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IN CONGRESS, July 4, 1776.
The unanimous Declaration of the thirteen united States of America,

When in the Course of human events, it becomes necessary for one people to…

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Ed Asner & Ron Nash in the FDR Presidential Car

Dear Friends,

As we head into the holiday weekend, we wanted to share this great photo with you!

Happy July 4th!

Best regards,
Philip & Marilyn

The Theatre Guild Newsletter

Ed & Ron

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Remembrances

Dear Friends,

We’d like to wish you a Happy Memorial Day!

memorial day

picture from HomeTownDailyNews.com

Having served during WWII, this day is poignant.  Marilyn and I are very thankful for all the soldiers who have served and fought to protect our freedoms.  While we haven’t always agreed with the politics of war, we have always supported our troops.  Today, we remember them.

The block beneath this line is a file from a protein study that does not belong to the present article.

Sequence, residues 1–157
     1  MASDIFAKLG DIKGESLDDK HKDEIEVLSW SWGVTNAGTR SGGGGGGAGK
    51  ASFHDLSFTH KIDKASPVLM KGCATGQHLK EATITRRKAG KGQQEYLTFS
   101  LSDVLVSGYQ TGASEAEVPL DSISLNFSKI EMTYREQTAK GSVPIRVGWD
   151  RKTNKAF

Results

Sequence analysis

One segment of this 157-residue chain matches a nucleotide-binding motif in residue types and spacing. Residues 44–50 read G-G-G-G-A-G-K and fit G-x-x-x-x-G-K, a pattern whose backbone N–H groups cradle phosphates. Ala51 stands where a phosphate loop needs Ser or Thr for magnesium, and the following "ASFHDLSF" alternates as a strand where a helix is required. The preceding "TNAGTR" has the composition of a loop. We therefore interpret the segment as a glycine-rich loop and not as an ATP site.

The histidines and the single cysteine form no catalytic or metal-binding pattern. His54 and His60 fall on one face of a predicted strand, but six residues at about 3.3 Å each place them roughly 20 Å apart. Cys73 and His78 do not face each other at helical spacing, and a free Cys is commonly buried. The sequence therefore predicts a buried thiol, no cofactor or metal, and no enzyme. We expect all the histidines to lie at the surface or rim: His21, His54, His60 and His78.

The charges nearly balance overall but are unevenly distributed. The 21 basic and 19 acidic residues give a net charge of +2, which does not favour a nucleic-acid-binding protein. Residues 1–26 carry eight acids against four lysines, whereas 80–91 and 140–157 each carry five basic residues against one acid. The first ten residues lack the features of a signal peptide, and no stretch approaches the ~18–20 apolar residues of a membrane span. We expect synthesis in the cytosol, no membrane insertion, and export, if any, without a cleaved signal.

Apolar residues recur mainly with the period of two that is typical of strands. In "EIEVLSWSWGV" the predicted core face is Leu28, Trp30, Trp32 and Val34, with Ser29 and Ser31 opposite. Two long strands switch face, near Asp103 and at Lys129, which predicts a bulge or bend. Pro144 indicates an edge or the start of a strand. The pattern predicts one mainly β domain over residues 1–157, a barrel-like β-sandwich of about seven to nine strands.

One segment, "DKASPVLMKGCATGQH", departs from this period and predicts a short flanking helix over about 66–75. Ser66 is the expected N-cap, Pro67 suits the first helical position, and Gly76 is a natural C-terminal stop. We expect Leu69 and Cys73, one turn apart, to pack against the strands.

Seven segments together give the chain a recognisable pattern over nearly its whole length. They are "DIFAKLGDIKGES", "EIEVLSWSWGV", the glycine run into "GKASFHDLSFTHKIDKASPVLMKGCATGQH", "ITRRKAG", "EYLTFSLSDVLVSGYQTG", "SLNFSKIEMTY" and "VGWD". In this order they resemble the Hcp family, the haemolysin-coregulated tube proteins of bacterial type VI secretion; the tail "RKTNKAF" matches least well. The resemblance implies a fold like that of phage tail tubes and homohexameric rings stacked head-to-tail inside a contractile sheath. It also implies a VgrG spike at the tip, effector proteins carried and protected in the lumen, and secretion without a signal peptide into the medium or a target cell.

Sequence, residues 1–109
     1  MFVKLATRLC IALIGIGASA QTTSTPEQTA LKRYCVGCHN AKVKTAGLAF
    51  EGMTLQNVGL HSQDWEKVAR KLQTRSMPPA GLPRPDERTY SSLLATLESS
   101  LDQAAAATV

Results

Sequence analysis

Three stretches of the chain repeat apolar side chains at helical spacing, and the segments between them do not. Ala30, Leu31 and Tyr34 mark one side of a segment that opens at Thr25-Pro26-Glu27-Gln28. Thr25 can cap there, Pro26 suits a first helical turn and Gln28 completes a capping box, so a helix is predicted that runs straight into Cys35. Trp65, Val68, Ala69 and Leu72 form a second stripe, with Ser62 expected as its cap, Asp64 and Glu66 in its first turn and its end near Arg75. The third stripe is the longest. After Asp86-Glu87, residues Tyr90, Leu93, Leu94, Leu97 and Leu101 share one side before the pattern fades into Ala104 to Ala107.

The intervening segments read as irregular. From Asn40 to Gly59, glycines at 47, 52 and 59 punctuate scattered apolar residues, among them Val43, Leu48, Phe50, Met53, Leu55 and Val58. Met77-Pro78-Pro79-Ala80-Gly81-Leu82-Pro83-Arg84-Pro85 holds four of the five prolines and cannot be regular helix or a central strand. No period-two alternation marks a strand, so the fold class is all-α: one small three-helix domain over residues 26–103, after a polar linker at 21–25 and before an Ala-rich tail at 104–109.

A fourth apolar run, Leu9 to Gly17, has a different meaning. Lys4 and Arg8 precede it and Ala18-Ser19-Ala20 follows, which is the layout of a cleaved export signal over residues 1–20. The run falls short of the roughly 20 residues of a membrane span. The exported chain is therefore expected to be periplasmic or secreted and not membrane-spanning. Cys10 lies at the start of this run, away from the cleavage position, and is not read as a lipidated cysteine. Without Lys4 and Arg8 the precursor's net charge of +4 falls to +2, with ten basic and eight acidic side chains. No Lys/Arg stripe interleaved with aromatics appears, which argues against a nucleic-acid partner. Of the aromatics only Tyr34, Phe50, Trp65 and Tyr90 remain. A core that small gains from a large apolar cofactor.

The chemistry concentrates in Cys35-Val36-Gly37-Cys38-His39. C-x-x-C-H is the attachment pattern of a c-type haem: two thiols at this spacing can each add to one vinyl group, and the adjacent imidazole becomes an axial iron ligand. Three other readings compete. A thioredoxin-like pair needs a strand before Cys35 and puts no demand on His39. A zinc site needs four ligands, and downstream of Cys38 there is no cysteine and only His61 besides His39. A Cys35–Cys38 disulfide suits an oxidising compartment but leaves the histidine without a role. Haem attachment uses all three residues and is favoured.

Best regards,

Philip (US Navy)

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Dear Friends,

We just wanted to take a quick moment to wish all of our dear Theatre Guild members who are mothers a very Happy Mother’s Day!

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Happy Mother’s Day!

We thank you for being with us!

We also wanted to share with you a darling picture of our beloved Dorothy Parker, who really embodies the spirit of what we like to call “Home Office”!

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Best regards,

Philip & Marilyn Langner

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Happy Easter!

Dear Friends,

We just wanted to take a moment to wish you and your family a very Happy Easter!

Best regards,

Philip and Marilyn Langner

and Dorothy Parker, our darling kitty cat watching over us as we work!

dorothy parker with flowers

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Happy Holidays!

Dear Friends,

We wanted to take a moment to wish you and yours a very Happy Holidays!

We found this amazing video on YouTube and feel that if a cat and a rat can make it work, we may yet find peace on earth!

Best wishes and Merry Christmas!

Philip & Marilyn Langner